CUMBERLAND — Vance Ishler is back. At least, he’s supposed to be first thing this morning.

Allegany County Commissioner Jim Stakem said Thursday the county administrator had received his doctor’s clearance to return to work. Unspecified medical issues have kept Ishler, 45, of Frostburg off duty since April 2. The current absence came after a two-week leave in February.

Ishler at one point was covered under the Family and Medical Leave Act of 1993, which provides workers up to 12 weeks of unpaid leave for specific family and medical reasons. County officials said Ishler would have exhausted his accrued personal and sick leave at the end of this month.

Stakem said Ishler has been in touch with the commissioners and county staff, including County Attorney Bill Rudd and Brian Westfall, director of human resources, and has indicated he is eager to return to work.

He’s “been bitin’ at the bit to get back,” Stakem said after the commissioners’ public meeting.

And there will be a host of issues that have cropped up since he was last in his office nearly five months ago. The top priority will be helping the commissioners move forward with the expansion of the county Bureau of Police.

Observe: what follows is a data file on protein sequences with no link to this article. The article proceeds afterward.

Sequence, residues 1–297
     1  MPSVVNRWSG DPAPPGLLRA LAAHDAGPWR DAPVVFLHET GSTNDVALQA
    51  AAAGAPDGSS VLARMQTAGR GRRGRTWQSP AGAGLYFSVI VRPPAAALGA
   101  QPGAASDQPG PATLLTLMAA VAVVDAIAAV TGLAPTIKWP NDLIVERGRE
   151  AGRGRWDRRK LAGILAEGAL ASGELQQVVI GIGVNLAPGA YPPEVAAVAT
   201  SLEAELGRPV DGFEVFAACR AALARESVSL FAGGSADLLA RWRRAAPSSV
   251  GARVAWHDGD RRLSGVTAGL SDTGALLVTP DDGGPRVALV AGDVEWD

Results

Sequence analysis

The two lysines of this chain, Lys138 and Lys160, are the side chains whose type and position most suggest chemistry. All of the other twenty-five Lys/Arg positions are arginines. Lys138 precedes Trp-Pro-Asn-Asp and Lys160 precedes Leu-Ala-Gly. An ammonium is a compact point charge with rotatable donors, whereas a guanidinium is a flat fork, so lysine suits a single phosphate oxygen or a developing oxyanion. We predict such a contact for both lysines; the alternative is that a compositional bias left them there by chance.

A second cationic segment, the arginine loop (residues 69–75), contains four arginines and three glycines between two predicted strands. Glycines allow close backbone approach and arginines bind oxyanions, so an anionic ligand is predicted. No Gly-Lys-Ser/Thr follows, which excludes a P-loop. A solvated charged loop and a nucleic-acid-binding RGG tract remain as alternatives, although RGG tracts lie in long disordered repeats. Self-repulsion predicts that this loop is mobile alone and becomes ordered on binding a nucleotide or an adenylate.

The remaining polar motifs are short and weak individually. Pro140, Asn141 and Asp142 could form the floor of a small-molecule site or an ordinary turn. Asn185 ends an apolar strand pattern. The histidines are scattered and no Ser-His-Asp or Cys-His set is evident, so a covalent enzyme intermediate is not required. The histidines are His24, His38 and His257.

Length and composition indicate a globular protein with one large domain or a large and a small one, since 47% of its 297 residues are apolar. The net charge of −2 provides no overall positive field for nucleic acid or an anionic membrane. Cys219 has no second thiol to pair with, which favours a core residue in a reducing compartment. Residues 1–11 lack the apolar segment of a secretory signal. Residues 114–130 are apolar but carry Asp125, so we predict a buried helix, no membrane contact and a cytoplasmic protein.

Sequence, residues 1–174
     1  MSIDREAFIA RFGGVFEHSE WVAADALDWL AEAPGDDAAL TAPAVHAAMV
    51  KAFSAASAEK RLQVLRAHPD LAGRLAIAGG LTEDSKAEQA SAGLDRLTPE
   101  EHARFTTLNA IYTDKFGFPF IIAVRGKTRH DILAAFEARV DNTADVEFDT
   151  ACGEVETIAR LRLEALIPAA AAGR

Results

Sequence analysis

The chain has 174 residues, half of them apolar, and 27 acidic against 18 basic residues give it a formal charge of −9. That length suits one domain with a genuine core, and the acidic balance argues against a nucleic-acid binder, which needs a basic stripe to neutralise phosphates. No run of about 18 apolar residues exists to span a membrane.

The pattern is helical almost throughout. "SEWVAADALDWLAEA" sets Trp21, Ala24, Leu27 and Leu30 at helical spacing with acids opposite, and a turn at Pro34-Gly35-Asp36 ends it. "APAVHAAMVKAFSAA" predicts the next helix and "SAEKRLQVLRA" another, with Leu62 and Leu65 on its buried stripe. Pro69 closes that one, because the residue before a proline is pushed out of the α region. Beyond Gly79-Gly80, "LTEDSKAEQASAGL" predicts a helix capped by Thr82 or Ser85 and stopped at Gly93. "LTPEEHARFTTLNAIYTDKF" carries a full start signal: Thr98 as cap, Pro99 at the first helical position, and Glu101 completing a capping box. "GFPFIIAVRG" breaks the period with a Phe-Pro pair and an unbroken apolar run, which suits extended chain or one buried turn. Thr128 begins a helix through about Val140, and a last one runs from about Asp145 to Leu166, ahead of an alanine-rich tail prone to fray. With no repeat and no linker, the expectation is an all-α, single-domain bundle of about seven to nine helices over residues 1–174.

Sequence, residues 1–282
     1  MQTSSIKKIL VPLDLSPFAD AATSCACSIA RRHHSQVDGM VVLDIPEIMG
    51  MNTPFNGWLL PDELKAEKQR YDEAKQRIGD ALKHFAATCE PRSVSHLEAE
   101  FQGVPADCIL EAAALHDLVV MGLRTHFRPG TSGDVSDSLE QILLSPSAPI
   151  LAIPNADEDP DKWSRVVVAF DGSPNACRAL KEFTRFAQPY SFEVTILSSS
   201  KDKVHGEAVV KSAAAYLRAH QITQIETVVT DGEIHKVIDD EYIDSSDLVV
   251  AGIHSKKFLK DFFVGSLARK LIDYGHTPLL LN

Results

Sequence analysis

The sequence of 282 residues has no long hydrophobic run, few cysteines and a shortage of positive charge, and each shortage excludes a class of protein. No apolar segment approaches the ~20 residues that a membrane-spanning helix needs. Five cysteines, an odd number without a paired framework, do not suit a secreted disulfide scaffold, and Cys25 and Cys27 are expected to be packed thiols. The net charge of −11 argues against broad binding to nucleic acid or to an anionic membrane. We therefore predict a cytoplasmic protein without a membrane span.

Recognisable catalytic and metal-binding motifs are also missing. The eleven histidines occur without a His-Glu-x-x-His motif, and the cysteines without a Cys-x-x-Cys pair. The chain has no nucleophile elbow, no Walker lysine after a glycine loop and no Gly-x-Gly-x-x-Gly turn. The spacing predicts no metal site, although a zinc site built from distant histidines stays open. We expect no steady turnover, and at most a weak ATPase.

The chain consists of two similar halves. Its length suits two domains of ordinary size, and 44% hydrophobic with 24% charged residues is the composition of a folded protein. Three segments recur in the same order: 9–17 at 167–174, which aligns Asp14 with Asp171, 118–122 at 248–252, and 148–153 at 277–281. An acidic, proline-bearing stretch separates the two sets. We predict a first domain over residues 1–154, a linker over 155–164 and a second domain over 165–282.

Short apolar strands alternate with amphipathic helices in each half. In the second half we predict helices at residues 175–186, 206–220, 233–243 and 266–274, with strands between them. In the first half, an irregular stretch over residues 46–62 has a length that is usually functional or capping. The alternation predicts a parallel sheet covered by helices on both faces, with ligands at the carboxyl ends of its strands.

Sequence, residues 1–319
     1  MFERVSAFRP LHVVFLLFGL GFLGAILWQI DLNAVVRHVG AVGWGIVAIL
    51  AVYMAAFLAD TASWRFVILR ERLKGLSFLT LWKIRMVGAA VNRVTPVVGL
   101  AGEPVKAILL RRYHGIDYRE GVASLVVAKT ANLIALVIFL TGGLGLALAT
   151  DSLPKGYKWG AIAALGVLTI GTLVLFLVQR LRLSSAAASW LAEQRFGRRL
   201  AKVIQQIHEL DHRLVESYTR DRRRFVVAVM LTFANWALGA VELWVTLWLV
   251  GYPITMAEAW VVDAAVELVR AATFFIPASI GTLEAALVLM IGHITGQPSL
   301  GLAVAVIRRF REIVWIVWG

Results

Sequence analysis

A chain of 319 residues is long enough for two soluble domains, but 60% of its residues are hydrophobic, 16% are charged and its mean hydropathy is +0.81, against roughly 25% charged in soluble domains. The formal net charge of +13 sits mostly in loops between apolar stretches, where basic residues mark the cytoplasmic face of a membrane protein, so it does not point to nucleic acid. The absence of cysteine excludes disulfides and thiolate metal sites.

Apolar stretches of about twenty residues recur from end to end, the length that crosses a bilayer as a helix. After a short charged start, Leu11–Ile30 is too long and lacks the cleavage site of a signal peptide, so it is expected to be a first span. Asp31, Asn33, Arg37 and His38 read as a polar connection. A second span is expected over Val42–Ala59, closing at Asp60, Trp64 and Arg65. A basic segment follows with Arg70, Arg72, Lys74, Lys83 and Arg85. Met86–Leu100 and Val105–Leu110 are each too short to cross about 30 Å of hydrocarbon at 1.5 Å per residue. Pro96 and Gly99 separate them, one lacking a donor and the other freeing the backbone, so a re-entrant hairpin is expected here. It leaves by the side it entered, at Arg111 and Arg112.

Ishler also will help seal the deal in the sale of the Allegany County Nursing Home and Rehabilitation Center. The commissioners announced Feb. 7 they were interested in selling the nursing home. Ishler was present during that announcement.

He has missed the paring down of the list of candidates from 13 businesses to three. Stakem said he expected Ishler to play a role in the upcoming negotiations with Jim Bestpitch and American Federation of State, County and Municipal Employees Local 1521, the union that represents the facility’s workers. Those talks could begin as early as next week and will focus on ensuring the workers’ benefits accrued stay intact if the nursing home is sold.

The issue puts on the back burner, for now, any concerns the commissioners or top county staff had about Ishler’s return and its impact on the county budget. The Times-News obtained a copy of Ishler’s contract through a Public Information Act request. According to the contract, should Ishler retire after working 10 years for the county, “the county shall provide health insurance coverage to (Ishler), his spouse and dependent children, if (Ishler) has no other health care coverage available to him and said dependents.”

Ishler is set to reach the 10-year mark in April 2009. County officials said earlier this month they were aware of that particular clause in Ishler’s contract.

Commissioner Bob Hutcheson said acting County Administrator David Eberly has done an “excellent and outstanding job” while standing in for Ishler.

Commissioner Dale Lewis called Eberly’s effort “tremendous.”

Stakem said it appeared as if Eberly, who will return to his role as director of community services, had gotten his feet wet during his term as the top appointed county official. Eberly disagreed about the depth of the water.

“I learned how to swim,” Eberly quipped.

Contact Kevin Spradlin at

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